|I visit and talk with thousands of service managers each year. During these visits I have observed a trend – the words marketing and customer retention are rarely mentioned. Most service managers do not spend time developing marketing and retention plans – despite the fact that developing such a plan can play a key factor in their success.|
Each day service managers such as yourself are faced with never ending employee challenges, customer complaints and other day-to-day issues. Who has time for Retention? With only so many hours in the day, you cannot be great at everything. Many doctors are exceptional at practicing medicine, yet they couldn’t write a business plan if their lives depended on it. Simply put, they surround themselves with talented people who compensate for their lack of expertise.
This is where I come in. I cannot make your everyday problems disappear, but I can help you quickly master a subject called “Retentionology.” Armed with your expertise from Retention University, you will increase your service revenue & profits, more effectively use your limited marketing/advertising budget and cut down on your day-to-day problems.
Let’s get started with a few basic elements and definitions that should be considered as you develop your own marketing and retention plan –
Public Relations (PR):
Now for a few interesting statistics –
Ninety percent of a dealership’s advertising budget is spent during a three-week period to acquire a NEW car customer, while the remaining 10 percent is spent over the next 3 years retaining these customers. Considering that the average dealership spent $384,000 in 2004 on advertising (according to the NADA), this means that the average dealership only spends $38,400/year on retaining its customers. This statistic is disturbing. The easiest and least expensive customer to sell to is the one that has already bought from you. The auto industry is working too hard and spending too much money constantly trying to acquire new customers when they already have thousands in their database that are theirs to keep once they develop the right retention plan. Need more convincing?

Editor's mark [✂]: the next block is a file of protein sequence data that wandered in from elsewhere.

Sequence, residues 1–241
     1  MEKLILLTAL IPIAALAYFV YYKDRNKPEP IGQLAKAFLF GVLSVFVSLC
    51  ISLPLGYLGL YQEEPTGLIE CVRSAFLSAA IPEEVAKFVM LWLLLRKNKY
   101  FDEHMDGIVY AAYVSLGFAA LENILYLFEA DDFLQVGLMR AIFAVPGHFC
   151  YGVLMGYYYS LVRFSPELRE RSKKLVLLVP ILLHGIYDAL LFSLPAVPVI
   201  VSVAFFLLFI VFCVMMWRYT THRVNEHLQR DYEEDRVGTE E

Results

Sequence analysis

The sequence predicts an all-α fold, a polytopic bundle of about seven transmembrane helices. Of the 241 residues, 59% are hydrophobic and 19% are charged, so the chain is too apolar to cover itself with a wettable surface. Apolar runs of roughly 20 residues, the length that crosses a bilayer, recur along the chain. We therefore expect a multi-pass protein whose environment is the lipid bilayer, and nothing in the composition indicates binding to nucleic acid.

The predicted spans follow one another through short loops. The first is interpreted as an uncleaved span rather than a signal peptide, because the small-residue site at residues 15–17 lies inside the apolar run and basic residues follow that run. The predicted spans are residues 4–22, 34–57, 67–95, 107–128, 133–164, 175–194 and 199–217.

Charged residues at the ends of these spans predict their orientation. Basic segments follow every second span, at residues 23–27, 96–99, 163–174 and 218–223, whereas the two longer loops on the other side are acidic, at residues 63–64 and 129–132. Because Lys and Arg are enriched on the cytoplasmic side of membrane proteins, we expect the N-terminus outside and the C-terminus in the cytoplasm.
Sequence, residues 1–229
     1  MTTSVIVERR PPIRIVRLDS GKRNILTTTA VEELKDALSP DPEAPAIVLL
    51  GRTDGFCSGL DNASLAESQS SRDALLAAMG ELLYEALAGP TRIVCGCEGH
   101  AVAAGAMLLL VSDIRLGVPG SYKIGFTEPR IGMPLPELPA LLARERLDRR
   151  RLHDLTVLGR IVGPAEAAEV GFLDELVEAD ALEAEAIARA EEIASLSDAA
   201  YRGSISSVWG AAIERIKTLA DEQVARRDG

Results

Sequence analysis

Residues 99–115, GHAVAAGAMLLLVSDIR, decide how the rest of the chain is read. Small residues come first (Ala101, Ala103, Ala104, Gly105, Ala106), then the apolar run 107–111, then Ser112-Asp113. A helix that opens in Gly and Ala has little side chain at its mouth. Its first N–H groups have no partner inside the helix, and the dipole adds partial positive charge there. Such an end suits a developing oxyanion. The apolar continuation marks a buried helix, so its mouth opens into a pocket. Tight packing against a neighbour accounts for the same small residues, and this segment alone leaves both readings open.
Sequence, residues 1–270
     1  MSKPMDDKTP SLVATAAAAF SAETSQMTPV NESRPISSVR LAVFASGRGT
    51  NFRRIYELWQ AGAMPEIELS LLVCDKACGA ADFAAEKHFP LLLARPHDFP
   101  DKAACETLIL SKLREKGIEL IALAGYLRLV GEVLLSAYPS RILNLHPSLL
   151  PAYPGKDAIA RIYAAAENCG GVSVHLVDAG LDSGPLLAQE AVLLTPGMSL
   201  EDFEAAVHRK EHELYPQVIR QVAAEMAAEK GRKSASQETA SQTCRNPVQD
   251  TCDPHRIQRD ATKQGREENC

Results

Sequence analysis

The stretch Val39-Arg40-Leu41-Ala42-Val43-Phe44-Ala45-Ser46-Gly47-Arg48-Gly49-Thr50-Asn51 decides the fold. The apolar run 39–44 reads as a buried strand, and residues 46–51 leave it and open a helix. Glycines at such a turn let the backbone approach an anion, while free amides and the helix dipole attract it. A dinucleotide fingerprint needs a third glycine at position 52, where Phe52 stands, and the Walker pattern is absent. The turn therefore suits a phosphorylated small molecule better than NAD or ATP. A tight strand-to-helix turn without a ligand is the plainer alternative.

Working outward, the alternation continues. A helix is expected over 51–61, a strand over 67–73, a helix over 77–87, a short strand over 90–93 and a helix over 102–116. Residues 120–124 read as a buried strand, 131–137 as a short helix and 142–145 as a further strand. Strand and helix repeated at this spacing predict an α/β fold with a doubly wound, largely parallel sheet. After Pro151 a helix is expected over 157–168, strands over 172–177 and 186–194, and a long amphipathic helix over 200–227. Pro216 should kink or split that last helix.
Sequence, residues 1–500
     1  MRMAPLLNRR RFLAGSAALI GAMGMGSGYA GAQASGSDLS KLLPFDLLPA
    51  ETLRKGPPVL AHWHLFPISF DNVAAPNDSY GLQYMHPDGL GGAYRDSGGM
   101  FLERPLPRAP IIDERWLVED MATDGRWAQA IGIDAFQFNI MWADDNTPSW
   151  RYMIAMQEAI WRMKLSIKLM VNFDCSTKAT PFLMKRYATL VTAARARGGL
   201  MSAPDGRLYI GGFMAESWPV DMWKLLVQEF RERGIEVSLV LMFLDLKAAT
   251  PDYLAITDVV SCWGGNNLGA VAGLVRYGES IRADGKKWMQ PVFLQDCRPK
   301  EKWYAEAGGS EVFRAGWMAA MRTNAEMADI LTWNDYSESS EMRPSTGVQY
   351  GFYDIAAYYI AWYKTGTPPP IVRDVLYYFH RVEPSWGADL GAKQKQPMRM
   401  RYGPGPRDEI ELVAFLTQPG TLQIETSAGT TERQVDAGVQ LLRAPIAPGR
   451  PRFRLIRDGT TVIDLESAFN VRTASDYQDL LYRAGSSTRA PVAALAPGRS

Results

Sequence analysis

In 2004 the average new car department contributed 30 percent of the operating profit; used cars contributed 13 percent. Service and parts brought in the remaining 57 percent! To really put things into perspective, this 57 percent of the profit was from the two departments with the lowest percentage of overall sales.
Why is it that the department that has the most potential to affect customer behavior is given the fewest dollars and resources? THIS HAS TO CHANGE!
Very few dealerships track their marketing & retention efforts. Most cannot tell me with a definitive answer what is working and what is not. More often then not, they do the same thing year after year. That fits my favorite definition of insanity -- “Doing the same thing over and over again and hoping for a different result each time.”
To help you develop your own plan, I am assigning homework to complete. Trust me – this assignment will pay you dividends for years to come.
In class 201, we will discuss specific tactics and strategies other successful dealers have implemented that can help increase your retention.
The number of electric vehicles on U.S. roads will double in the next three years, according to a new report from the Edison Electric Institute.